Psalm 18’s superscription (which is just as inspired as “I love You, Yahweh, my strength”) tells us that David is the author, the “I” of the song. This is his contemplation and reaction to his life and what God did in it. And it’s a song, because it’s addressed to the “choir director.” But above all, Psalm 18 is a biographical masterpiece in the hands of a Holy-Spirit-inspired prophet.
Or, to say all that a whole lot more simply, Psalm 18 is a summary of the New Testament.
David writes this song as a celebration of surviving “the hand of all his enemies and from the hand of Saul.” The first three verses of the song are as powerful as you would ever find (or write) today:
I love You, LORD, my strength.
The LORD is my rock,
my fortress, and my deliverer,
my God, my mountain where I seek refuge,
my shield and the horn of my salvation,
I called to the LORD, who is worthy of praise,
and I was saved from my enemies.
This sounds much like Zechariah’s song when his tongue was loosed:
Praise the Lord, the God of Israel,
because He has visited
and provided redemption for His people.
He has raised up a horn of salvation for us
in the house of His servant David… (Luke 1:68-69 HCSB)
Then David recounts his harrowing experience of running and hiding for his life, but does so in terms strikingly familiar to us New Covenant believers. In fact, I believe Psalm 18 was also inspired as a prophetic description of the New Covenant era, especially starting in verse 4.
- Jesus’ death (18:4-6)
- Jesus’ resurrection (18:7-19)
- Jesus’ ascension (18:20-24)
- Jesus’ presence and empowering of the Church (18:25-36)
- Jesus’ return in power and judgment and bloody (not His this time!) victory (18:37-42)
- Jesus’ exaltation as King of kings and Lord of lords, having all His enemies put under His feet (18:43-45)
- Jesus’ eternal and mutual rest and delight in His bride (18:46-50)
Since this is Good Friday, read Psalm 18 with this in mind. Think of Jesus’ agony when “the ropes of death were wrapped around [Him]” and He “called to the LORD in [His] distress” (18:4,6). Think of the darkness and earthquakes that accompanied His suffering on the cross (18:7,11); think of the graves that were opened (18:15).
Think of that glorious morning when the Son of God was declared to be so in power, when the Father raised Him to life out of the dead-fish grip of death (18:16). Death, that “powerful enemy” who “hated” Him, who for a time was allowed to be “too strong” for Him (18:17), was no match because the Father was Jesus’ support (18:18), the One who delighted in Him (18:19).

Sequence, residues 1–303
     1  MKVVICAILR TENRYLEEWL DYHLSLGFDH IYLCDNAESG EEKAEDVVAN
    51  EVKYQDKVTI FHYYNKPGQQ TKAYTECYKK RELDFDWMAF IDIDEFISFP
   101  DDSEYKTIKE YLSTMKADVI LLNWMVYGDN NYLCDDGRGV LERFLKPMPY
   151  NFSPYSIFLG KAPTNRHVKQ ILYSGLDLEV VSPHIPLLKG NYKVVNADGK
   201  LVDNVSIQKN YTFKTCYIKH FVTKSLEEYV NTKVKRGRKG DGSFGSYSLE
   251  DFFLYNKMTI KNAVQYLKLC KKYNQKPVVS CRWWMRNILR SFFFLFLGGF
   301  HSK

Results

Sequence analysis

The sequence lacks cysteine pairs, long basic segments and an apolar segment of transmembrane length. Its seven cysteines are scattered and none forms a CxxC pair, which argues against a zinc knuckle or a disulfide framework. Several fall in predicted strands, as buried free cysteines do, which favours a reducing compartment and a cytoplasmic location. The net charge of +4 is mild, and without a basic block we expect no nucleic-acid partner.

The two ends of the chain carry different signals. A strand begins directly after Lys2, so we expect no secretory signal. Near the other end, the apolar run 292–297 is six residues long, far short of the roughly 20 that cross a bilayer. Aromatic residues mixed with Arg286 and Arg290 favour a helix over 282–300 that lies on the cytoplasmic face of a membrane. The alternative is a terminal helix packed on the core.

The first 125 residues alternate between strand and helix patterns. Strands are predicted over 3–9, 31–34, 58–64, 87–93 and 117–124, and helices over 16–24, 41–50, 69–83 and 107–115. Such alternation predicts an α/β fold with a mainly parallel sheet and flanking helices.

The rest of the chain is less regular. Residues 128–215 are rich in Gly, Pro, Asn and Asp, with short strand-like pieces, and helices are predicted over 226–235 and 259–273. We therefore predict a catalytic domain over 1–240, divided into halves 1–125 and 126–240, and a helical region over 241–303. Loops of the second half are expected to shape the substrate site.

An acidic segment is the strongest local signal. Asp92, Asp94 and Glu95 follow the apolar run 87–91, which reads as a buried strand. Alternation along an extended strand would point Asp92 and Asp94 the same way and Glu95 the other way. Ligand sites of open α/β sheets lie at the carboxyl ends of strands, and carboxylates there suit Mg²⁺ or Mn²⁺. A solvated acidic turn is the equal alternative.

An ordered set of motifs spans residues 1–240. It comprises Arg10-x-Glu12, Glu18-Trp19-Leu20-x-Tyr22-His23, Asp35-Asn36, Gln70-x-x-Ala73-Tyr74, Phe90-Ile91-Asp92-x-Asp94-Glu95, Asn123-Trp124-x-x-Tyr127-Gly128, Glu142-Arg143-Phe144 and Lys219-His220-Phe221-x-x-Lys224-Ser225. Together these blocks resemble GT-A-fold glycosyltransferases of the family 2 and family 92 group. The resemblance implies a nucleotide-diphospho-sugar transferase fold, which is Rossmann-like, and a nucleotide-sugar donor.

Think of what it meant that Jesus was raised from the dead: the Father “rewarded [Him] according to [His] righteousness; He repaid [Him] according to the cleanness of [His] hands” (18:20). Jesus never “turned from [His] God to wickedness” (18:21) so that we who turned only to wickedness would be given that same reward for righteousness (2 Corinthians 5:21).
Think that we who are afflicted by sin and its consequences are rescued (18:27), transferring us from darkness to light (18:28) and giving us strength over the enemies of our soul (18:29, 32).
Think of the strength it took to raise Jesus from the dead, then rest in peaceful contentment that He has “given [us] the shield of [His] salvation; [His] right hand upholds [us]” because His “humility exalts [us]” (18:35).
Think with glad hope on that day when Jesus returns in the splendor of His glory, not in the humble rags of flesh as in His first coming. On that day He will “pursue [His] enemies and overtake them” (18:37); the enemy He saves for last is Death itself (1 Corinthians 15:26). It’s personal, after all.
Think about what it will be like to see all the enemies of Jesus no longer raging against Him, but cringing under His feet (18:43). Think about what it will be like for our Middle Eastern brothers and sisters to no longer live in the shadow of the Islamic State, because IS is now the one terrified and weak (18:45).
Think about what it will be like for all of God’s people from all the ages to have true, lasting, eternal freedom from sin and death (18:48).
Think about what it means that God’s loyalty to David and his descendants—don’t forget we’re adopted into the family as joint-heirs with Jesus—is forever.
Think about that every time you read Psalm 18.